Over the weekend, my good friend Rob participated in a free style tournament, the same one that I entered in his place earlier this year. He fought commendably, and Leo, his opponent, was a very tough dude. Leo had an unrelenting approach, had a knack for catching legs, and was exceptionally good at preventing Rob from taking him down (which was one of Rob’s main strategies when we were training for it). But Rob handled himself well, using some very impressive flying knees, strong counter punches and a few expertly done throws. Rob’s smile never faltered, even when he was exhausted and in pain, and both of them were gentlemen, repeatedly touching gloves before engaging and giving each other deep bows and big hugs after the match.
While I was helping Rob train for the fight, I lamented that I never used any full blocks during my previous bout. Rob disagreed and said one of the first things I did was a classic gedan uke (low block). We ended up watching the video, and I noticed a few instances where I executed traditional blocks (though they were abbreviated for efficacy). Our teacher, Shihan Dan later went through the video of Rob’s fight and took screengrabs of many of the instances where he applied taiji principles or classic karate techniques. Without wanting to take away anything from his recent victory, I was inspired to go through my own video and do the same.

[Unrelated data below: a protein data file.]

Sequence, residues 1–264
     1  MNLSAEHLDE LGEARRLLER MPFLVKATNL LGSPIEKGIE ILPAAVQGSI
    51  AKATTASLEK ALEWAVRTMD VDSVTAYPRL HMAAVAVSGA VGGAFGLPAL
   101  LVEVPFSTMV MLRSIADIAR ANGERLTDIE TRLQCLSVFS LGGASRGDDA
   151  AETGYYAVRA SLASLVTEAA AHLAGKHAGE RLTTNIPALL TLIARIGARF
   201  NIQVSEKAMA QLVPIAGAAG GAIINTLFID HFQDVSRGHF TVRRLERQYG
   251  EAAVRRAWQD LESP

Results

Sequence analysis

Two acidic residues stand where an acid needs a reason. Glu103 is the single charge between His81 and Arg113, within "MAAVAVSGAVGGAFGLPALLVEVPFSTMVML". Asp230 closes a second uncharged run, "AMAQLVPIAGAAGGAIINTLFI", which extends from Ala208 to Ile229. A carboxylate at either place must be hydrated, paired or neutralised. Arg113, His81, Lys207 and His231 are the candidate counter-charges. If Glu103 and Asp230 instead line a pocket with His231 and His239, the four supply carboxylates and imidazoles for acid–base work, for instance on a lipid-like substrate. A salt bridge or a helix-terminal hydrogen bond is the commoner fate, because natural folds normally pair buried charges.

It is very heartening to me to see that, on some level, I have learned appropriate ways of defending myself when attacked in a variety of ways. So here are some screenshots from my fight of when I applied “blocks” successfully.